Can a permanent resident be deported for a crime of domestic violence?

In my column This week's Consulta Migratoria® answers a question from a reader who wants to know if her permanent resident son can be deported for committing a crime of domestic violence.

Each immigration case is different. Please consult with an immigration attorney for personalized legal advice before beginning any proceedings.

This is the column:

My son is a permanent resident. He violated a domestic violence restraining order and was arrested as a felony. My son was incarcerated for 21 days and was released on probation for 1 year and must do 26 hours of school. Has my son lost his permanent residency? Maria V.

Maria, your son's criminal record should be reviewed to determine the immigration consequences of being found guilty of a felony or domestic violence felony.

There are several reasons why an alien may be deported from the United States, including the following:

* Has been convicted of a crime of moral turpitude within the first 5 to 10 years after being admitted to the country and received a sentence of one year or more.

* Has been convicted of two or more crimes of moral turpitude after being admitted to the United States.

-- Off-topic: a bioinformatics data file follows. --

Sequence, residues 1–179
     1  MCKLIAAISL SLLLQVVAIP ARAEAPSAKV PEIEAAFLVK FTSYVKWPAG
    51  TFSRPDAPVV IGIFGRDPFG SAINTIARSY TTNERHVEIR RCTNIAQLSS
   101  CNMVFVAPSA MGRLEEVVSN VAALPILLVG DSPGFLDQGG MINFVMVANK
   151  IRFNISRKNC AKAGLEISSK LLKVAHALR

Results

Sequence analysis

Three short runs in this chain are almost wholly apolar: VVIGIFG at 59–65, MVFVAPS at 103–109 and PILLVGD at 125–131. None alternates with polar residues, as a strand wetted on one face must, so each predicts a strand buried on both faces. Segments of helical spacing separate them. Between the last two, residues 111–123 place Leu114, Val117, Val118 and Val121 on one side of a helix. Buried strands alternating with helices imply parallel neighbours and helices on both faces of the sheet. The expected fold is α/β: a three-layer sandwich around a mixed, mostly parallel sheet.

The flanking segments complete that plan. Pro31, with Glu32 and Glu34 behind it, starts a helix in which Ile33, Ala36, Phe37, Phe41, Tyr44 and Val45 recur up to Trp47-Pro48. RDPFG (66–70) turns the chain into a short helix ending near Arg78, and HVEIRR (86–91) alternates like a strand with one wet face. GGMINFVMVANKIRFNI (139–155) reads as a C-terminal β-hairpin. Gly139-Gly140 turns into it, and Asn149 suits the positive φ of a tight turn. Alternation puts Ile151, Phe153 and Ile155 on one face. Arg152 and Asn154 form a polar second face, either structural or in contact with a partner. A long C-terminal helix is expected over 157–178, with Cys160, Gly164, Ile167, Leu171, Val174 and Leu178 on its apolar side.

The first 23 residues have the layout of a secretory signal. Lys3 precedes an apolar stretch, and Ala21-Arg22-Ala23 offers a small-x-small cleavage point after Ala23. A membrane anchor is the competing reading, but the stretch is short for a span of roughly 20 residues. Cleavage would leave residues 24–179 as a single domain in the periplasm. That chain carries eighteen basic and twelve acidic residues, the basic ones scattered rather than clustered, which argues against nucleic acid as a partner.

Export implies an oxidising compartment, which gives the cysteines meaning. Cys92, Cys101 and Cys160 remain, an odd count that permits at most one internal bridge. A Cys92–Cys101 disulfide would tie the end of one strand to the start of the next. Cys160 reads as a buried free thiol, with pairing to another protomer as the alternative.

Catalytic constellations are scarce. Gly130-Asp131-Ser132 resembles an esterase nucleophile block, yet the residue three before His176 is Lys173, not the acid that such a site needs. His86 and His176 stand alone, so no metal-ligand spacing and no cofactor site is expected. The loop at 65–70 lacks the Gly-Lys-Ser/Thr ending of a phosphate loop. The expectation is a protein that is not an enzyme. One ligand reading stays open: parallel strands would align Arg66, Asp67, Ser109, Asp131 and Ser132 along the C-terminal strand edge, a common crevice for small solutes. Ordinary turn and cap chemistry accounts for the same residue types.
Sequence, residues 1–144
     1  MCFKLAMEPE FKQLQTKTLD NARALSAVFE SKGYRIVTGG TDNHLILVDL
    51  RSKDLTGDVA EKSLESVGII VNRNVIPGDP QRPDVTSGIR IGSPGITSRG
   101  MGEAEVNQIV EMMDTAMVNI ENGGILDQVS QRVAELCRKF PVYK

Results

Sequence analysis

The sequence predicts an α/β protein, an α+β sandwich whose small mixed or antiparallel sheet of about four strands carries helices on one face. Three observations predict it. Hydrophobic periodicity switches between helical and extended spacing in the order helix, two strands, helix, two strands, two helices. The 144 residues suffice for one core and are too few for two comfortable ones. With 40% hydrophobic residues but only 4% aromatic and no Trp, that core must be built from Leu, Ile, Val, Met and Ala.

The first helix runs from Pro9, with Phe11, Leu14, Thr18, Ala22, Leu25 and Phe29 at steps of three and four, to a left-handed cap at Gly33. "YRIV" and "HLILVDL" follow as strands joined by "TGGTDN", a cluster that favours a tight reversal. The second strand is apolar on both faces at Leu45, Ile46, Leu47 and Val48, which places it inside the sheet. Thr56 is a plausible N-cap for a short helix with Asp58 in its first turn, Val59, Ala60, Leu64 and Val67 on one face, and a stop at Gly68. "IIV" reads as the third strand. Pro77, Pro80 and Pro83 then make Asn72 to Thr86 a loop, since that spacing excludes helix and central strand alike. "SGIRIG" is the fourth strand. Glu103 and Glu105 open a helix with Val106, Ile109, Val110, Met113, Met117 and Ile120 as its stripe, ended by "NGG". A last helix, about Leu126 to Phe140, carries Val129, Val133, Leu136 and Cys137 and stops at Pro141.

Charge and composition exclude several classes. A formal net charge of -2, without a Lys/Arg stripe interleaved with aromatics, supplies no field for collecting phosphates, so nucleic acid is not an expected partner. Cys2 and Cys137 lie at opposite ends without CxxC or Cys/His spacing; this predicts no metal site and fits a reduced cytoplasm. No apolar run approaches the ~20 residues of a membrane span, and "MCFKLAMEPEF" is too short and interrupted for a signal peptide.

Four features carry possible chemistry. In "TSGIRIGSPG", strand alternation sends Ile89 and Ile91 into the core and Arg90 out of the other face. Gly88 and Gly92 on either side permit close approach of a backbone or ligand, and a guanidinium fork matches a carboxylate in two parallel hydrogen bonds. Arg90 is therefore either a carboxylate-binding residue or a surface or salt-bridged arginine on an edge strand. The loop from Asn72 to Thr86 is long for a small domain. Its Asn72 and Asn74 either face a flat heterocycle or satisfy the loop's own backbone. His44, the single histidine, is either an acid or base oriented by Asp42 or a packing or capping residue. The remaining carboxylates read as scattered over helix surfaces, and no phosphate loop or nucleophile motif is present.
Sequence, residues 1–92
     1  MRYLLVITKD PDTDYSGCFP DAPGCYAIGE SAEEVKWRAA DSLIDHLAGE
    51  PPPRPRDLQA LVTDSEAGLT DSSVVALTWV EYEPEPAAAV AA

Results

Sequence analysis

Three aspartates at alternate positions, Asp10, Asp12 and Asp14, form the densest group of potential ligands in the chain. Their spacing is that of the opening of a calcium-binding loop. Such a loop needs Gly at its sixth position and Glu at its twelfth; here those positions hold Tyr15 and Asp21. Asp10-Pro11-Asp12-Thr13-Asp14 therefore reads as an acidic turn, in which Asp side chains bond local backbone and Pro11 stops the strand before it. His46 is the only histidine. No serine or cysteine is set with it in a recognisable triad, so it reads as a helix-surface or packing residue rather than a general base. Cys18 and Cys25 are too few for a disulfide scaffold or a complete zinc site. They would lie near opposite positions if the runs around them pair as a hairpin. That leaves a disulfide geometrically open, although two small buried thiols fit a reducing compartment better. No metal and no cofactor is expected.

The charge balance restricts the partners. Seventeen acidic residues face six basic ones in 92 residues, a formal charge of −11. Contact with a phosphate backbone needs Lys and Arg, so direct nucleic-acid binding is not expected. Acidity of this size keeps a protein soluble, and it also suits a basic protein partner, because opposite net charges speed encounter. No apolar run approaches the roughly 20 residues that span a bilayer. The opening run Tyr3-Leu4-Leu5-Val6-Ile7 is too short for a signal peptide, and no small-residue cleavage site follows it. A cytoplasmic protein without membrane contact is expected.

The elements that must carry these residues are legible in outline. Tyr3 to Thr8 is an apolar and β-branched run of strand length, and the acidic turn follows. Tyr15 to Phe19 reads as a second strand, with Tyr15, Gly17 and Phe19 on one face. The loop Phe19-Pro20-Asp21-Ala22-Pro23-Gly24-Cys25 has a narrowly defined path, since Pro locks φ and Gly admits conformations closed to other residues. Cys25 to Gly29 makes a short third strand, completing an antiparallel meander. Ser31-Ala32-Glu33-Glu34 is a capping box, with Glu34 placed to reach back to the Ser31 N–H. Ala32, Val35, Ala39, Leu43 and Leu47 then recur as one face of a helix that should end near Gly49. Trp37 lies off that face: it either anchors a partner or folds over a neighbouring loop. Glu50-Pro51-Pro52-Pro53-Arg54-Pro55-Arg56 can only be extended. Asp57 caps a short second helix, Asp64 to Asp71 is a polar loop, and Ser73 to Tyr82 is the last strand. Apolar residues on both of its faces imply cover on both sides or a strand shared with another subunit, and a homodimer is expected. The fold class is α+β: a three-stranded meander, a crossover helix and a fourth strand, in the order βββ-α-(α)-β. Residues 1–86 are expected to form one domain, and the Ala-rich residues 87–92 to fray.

* You have been convicted of an aggravated felony after being admitted to the country.

* Has been convicted of domestic violence, stalking, child abuse, child neglect or abandonment of children after admission to the United States.

* You have violated a protection order that is intended to stop credible threats of violence, harassment or bodily harm.

Under certain circumstances, an alien may be able to apply for a waiver which, when granted by the federal government, may stop his or her deportation.

It is very important that all foreign nationals maintain excellent moral character and never plead guilty to a crime without first consulting with an immigration attorney, as certain crimes are deportable.

Maria, your son should consult with an immigration attorney as soon as possible to determine his legal options. In the meantime, he should remain on his best behavior and not leave the United States.